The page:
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California Law Would Limit Confidentiality and Protective Orders

May 2, 2022

In early April, the California Senate Judiciary Committee voted to approve Senate Bill 1149, introduced in February by state senator Connie M. Leyva (D-Chino), termed the “Public Right to Know Act of 2022.” SB 1149 bill would add Chapter 3.8 to the California Code of Civil Procedure to generally prohibit confidentiality provisions in settlement agreements in California state court lawsuits or arbitrations involving public health issues due to a:

“Defective product or environmental condition that poses a danger to health or safety.”

These are in turn defined as a “…product or condition that has caused, or is likely to cause, significant or substantial bodily injury or illness, or death.”

Exceptions would exist for information regarding the amount of a settlement, trade secrets, and a Plaintiff’s identity, medical information, and immigration status. No particular evidentiary showing by the Plaintiff is required in order to establish that a product or environmental condition is “dangerous” or presents a “public health or safety risk.” Whether that means that only an unverified Complaint to this effect would suffice is not addressed in the text of the bill. The bill also creates a right to challenge a confidentiality provision as an intervenor, and/or through a separate lawsuit for declaratory relief by members of the media or “anyone who might be affected by information being kept confidential.”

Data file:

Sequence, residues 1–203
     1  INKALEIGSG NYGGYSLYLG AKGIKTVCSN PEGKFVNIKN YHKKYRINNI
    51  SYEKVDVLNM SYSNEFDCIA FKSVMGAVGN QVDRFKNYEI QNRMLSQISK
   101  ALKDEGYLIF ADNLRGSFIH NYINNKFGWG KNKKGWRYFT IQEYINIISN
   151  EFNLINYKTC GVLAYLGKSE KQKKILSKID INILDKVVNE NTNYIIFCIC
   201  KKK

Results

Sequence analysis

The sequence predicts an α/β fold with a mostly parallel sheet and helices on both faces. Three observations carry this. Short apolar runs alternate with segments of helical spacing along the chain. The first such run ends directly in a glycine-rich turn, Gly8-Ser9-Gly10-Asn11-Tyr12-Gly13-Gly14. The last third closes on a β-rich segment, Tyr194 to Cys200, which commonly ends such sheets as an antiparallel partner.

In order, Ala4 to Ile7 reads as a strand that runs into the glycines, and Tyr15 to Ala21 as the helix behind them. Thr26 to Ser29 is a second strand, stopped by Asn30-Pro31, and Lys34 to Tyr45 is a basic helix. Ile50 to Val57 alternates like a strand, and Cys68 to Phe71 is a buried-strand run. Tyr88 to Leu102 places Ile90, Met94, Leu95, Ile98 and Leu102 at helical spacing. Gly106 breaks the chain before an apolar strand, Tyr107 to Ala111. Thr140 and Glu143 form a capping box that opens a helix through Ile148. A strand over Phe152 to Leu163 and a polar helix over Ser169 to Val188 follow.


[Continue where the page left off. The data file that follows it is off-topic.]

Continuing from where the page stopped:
The bill is supported by Consumer Reports and Public Justice and opposed by a large number of business organizations, including AdvaMed, Biocom California, California Life Sciences, and the California Chamber of Commerce. Some of the examples used in the preamble reference high-profile pharmaceutical and medical product liability litigation and the Berkeley balcony collapse tragedy. The bill’s proponents maintain that confidentiality and secrecy regarding information in these types of cases have harmed the public.

Bill Progress

The bill was amended in the State Senate on April 7 to add language allowing standing to an intervenor-party or a third party whose documents are being subpoenaed to file a motion for non-disclosure in order to protect trade secrets. A third and final reading of the bill, with possible additional amendments, and debate in the Senate, has yet to occur. If SB 1149  passes by a majority vote in the Senate (21 votes), it would then be sent to the California Assembly for its own consideration and possible amendments. It is deemed a non-urgency matter that doesn’t require funding for its implementation, and if passed by both California legislative bodies and signed by the Governor, would become effective as of Jan. 1, 2023. It does not contain a retroactivity provision.

Potential Impact on Product Liability and Environmental Personal Injury Cases

  1. The SB 1149 specifically provides that confidentiality provisions in covered  settlement agreements are void and unenforceable as a matter of law;